The Problem with Survey Research
The Problem with Survey Research makes a case against survey research as a primary source of reliable information. George Beam argues that all survey research instruments, all types of asking—including polls, face-to-face interviews, and focus groups—produce unreliable and potentially inaccurate results. Because those who rely on survey research only see answers to questions, it is impossible for them, or anyone else, to evaluate the results. They cannot know if the answers correspond to respondents’ actual behaviors (objective phenomena) or to their true beliefs and opinions (subjective phenomena). Reliable information can only be acquired by observation, experimentation, multiple sources of data, formal model building and testing, document analysis, and comparison.
In fifteen chapters divided into six parts—Ubiquity of Survey Research, The Problem, Asking Instruments, Asking Settings, Askers, and Proper Methods and Research Designs—The Problem with Survey Research demonstrates how asking instruments, settings in which asking and answering take place, and survey researchers themselves skew results and thereby make answers unreliable. The last two chapters and appendices examine observation, other methods of data collection and research designs that may produce accurate or correct information, and shows how reliance on survey research can be overcome, and must be.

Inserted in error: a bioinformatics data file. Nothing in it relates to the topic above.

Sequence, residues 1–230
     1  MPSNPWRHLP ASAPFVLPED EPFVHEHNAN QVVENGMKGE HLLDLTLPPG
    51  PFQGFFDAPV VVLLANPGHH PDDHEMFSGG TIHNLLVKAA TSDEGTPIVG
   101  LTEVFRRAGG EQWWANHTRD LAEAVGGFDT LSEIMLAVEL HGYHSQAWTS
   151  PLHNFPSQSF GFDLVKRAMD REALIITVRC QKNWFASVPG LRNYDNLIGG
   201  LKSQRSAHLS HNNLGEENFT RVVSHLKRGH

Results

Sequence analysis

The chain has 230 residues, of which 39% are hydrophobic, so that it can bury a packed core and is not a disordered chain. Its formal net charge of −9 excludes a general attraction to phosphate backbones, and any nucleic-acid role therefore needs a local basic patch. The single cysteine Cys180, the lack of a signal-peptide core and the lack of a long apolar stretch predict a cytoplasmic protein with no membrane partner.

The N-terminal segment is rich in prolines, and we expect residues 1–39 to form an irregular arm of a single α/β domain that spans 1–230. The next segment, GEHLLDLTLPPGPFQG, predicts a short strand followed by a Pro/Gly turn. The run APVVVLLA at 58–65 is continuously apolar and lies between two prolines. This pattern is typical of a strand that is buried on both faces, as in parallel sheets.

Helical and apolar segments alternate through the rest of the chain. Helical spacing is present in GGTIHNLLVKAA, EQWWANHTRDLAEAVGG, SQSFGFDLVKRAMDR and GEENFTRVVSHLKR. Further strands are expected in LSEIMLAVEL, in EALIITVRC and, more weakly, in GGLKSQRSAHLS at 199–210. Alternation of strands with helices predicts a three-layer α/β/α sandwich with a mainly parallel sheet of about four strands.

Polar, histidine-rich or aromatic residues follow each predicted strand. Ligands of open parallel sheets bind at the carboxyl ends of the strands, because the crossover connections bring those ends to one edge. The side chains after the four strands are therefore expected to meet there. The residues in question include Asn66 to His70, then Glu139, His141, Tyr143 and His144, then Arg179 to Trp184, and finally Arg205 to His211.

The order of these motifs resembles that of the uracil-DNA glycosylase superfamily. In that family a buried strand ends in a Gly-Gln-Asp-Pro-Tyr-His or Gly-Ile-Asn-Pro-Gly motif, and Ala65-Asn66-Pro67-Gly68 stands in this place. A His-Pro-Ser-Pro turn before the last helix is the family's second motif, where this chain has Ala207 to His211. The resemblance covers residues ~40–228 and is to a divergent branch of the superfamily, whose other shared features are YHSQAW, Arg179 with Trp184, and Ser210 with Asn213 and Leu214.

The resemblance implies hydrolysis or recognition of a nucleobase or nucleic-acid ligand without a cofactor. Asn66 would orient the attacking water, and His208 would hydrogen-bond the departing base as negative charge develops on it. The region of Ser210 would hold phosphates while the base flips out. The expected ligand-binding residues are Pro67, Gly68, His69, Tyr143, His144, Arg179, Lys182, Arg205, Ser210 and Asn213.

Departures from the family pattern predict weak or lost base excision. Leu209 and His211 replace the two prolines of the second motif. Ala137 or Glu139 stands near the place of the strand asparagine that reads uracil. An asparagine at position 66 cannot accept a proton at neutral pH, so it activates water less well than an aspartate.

“Scholarly and insightful, "The Problem with Survey Research" is a strong addition to any community or academic library collection, highly recommended.”
“A full-throated, high decibel, root and branch assault on surveys.”
—J. A. Davis, Choice
“George Beam has written an absorbing and highly readable book …about the subject of research methodology…. He asks some very interesting, thought-provoking questions about a central methodology within the social sciences, namely survey research. This well-researched and cogent book will certainly prod many social scientists not only to question their assumptions regarding survey research, but even more fundamentally to question its relevance and validity.”
—Lawrence D. Hubbell, professor of political science, University of Wyoming